Captain Linnaeus Tripe (English, 1822-1902)
"No. 108. Rangoon. South Entrance of Shwe Dagon Pagoda." Burma, 1855
Albumenized salt print from a waxed paper negative
25.9 x 34.3 cm mounted on 45.6 x 58.4 cm paper
Signed "L. Tripe" in ink. Photographer's blindstamp and printed label with plate number, title and "The road which leads to this, is, on festival days, crowded with Burmese men, women, and children, in gay silks and muslins carrying offerings to the Pagoda." on mount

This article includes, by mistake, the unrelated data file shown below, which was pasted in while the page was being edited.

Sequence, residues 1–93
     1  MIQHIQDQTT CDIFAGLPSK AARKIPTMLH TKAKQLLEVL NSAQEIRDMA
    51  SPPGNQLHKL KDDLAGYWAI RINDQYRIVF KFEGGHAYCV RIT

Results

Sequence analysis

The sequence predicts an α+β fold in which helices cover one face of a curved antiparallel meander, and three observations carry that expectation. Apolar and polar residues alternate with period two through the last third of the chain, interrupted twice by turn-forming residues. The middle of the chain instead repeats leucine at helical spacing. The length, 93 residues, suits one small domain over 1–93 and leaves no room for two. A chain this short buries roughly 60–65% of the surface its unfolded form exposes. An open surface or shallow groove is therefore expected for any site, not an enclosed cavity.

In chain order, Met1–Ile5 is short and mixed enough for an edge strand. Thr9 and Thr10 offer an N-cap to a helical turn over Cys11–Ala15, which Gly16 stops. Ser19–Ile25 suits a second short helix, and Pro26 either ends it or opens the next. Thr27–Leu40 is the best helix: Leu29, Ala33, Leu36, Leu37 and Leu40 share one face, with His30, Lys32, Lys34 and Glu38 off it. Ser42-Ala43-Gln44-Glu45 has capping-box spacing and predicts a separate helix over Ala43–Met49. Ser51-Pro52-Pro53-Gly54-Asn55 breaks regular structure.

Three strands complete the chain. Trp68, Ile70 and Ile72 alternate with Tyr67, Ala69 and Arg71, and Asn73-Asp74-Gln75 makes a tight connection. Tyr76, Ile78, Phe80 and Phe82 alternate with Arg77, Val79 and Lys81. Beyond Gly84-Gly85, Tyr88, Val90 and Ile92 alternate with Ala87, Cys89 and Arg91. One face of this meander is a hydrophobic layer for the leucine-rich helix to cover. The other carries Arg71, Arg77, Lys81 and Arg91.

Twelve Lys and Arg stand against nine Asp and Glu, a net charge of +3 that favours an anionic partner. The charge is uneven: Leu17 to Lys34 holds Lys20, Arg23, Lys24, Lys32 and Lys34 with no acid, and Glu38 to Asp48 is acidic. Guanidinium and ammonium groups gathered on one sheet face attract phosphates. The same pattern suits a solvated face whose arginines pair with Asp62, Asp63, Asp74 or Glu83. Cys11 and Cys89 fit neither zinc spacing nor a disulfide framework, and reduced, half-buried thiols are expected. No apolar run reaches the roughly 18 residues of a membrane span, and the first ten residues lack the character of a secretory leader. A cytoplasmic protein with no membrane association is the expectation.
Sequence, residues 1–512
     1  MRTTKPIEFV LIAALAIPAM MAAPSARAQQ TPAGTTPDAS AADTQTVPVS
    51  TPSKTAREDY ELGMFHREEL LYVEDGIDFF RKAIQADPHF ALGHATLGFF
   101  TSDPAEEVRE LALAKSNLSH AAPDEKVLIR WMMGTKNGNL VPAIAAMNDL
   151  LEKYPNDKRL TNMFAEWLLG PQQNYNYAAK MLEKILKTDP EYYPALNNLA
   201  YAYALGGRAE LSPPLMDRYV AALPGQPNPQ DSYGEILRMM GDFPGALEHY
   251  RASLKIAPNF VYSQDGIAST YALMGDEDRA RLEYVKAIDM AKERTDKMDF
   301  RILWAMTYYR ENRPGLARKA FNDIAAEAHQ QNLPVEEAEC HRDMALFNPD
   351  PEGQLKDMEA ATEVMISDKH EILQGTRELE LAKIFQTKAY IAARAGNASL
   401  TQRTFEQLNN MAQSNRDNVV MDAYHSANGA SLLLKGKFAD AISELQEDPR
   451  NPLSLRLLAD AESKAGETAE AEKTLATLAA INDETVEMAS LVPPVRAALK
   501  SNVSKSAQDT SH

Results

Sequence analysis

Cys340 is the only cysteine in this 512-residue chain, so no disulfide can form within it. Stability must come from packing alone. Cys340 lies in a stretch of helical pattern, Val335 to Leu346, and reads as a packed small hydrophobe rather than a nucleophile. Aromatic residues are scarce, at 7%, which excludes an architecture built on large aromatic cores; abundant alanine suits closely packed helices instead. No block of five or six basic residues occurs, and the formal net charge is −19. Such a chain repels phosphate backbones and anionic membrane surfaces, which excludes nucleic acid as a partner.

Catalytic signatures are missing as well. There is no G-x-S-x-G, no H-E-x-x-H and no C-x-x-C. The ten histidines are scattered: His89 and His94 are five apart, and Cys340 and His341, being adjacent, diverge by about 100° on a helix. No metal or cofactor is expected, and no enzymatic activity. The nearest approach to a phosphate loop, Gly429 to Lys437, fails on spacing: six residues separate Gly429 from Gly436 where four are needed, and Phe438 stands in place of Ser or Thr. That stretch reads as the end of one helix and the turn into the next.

A view looking towards the steps and southern gateway of the Shwe Dagon Pagoda at Rangoon (Yangon) in Burma (Myanmar). Tripe wrote, 'The road which leads to this, is, on festival days, crowded with Burmese, men, women, and children, in gay silks and muslins carrying offerings to the Pagoda'. According to legend, the Shwe Dagon Pagoda, most revered of all the Buddhist monuments of Burma, was founded in the lifetime of the Buddha as a reliquary to enshrine eight hairs from his head brought back from India by two merchant brothers, Tapissa and Balika. While the core of the stupa may be very ancient, the whole is relatively more recent. It has been rebuilt several times from the 14th century onwards and the structure as seen by Tripe's mission dates from the 1770s when King Hsinbushin of the Konbaung dynasty made many improvements to it. The ascent to the stupa on its platform is by four stairways from the four cardinal points. The southern stairway is the traditional entrance to the Shwe Dagon although today people also use the eastern stairway. In 1855 a British mission was sent to King Mindon Min of Burma to negotiate a settlement regarding Pegu, annexed by the British after the Second Anglo-Burmese War in 1852. Linnaeus Tripe was the official photographer on this mission and his architectural and topographical views of the country form an important record.